20 posted on 03/15/2008 7:11:10 PM PDT by sig226 (Real power is not the ability to destroy an enemy. It is the willingness to do it.)
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To: smoothsailing
Murtha is doing this to pressure SECNAV Winter, that's the understory about all this.

I don't quite get the connection. Why would Murtha pressure the SECNAV instead of the SEC Air Force or SECDEF. How does Winter figure into this?

21 posted on 03/15/2008 7:16:45 PM PDT by 17th Miss Regt
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To: Supercharged Merlin
Given that Johnstown PA is the place you would stick it if the Earth needed an enema

Yizzle hafta wait ondat enemer. Whyn't yinz worsh up and go dahntahn to Isaly's n'at and get some chipped ham and city chicken. Anya mize well bring back 6 bawdles of arn.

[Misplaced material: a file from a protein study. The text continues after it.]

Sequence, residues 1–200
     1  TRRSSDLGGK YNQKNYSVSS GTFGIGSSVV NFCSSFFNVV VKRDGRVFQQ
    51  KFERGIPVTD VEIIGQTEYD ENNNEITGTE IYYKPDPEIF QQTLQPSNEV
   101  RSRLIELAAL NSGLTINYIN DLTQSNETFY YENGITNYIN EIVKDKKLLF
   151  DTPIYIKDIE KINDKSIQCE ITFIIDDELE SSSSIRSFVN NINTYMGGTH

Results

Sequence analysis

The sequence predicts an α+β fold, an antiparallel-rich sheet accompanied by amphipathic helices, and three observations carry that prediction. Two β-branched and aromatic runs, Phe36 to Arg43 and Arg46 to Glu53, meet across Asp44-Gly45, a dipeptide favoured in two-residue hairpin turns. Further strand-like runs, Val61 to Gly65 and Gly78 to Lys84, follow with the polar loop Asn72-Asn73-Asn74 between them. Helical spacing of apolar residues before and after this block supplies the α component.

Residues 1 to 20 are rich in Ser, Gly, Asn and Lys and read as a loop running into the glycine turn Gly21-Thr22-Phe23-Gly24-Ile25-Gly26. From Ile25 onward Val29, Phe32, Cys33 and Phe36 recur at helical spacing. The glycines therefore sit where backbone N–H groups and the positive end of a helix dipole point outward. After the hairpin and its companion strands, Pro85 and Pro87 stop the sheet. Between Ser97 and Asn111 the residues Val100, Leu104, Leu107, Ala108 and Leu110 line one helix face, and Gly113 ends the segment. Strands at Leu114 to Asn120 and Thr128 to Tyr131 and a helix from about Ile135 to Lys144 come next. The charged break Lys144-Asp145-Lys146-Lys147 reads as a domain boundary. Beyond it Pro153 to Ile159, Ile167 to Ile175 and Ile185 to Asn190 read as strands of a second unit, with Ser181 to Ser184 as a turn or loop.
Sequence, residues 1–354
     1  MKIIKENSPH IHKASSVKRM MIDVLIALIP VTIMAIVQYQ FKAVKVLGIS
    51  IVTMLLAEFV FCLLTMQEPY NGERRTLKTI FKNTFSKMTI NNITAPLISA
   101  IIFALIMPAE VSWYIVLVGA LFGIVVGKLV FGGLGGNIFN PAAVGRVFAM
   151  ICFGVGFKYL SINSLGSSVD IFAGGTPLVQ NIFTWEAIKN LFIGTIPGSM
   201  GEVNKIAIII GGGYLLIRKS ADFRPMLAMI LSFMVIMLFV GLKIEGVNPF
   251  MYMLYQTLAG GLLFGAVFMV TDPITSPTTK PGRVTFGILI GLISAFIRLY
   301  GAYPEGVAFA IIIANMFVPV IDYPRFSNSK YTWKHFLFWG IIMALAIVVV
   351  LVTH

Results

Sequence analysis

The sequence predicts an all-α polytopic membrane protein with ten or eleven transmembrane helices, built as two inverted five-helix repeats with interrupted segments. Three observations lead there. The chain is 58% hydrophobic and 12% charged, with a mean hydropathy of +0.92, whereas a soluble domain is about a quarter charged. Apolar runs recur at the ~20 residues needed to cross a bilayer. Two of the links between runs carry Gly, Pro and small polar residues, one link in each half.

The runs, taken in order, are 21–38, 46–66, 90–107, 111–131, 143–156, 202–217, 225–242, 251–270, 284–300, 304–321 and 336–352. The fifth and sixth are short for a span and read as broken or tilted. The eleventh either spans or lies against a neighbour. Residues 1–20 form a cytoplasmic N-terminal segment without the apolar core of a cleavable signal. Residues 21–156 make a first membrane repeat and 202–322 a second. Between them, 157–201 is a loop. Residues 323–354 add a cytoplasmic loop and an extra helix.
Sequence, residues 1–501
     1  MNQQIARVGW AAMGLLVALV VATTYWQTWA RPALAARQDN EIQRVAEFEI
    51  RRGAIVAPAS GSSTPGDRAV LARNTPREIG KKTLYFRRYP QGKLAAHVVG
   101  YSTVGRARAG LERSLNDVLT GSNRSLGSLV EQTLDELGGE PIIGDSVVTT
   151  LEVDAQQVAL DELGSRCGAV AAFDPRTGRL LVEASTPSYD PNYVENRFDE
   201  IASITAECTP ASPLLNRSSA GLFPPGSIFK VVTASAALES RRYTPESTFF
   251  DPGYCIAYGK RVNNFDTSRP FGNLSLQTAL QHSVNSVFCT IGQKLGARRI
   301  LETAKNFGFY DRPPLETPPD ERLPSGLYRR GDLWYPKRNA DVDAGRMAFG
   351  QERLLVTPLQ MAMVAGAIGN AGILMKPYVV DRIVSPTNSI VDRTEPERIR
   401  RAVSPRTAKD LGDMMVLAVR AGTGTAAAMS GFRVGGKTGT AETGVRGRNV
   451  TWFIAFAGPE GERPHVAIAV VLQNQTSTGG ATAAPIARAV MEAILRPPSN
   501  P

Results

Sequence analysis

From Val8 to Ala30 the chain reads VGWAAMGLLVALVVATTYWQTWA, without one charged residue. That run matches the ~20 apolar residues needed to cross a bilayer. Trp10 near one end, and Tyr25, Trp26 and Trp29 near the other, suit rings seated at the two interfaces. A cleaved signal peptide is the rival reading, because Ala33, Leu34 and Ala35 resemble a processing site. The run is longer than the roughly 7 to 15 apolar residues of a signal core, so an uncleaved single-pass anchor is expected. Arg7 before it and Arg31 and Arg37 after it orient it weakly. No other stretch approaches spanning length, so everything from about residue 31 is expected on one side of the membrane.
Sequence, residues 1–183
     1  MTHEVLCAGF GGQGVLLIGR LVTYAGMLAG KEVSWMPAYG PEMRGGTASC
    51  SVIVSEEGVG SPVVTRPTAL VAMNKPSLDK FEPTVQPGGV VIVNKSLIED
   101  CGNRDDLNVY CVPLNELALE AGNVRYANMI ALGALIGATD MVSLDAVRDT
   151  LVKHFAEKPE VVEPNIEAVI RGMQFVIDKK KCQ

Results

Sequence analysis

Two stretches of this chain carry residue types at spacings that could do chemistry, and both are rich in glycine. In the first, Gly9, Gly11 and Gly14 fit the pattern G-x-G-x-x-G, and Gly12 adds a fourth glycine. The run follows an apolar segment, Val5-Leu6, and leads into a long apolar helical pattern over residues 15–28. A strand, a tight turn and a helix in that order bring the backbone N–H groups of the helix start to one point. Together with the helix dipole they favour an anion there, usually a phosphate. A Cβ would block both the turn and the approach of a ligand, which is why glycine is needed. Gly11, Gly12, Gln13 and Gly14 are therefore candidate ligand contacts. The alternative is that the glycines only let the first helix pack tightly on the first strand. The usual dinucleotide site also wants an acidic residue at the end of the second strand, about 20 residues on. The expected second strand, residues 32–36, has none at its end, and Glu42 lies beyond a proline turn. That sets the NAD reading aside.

22 posted on 03/15/2008 7:21:38 PM PDT by RoadKingSE (How do you know that the light at the end of the tunnel isn't a muzzle flash?)
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To: sig226
Was it really neccessary to prosecute people for offering a selling price, even if it was high?

The prosecutions were not about high prices, they were about an Air Force procurement official and a Boeing official who knowingly broke laws designed to protect the integrity of the acquisition process. And they both went to jail for their acts.

23 posted on 03/15/2008 7:22:58 PM PDT by 17th Miss Regt
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To: 17th Miss Regt
Chain of command and undue influence.
24 posted on 03/15/2008 7:27:33 PM PDT by smoothsailing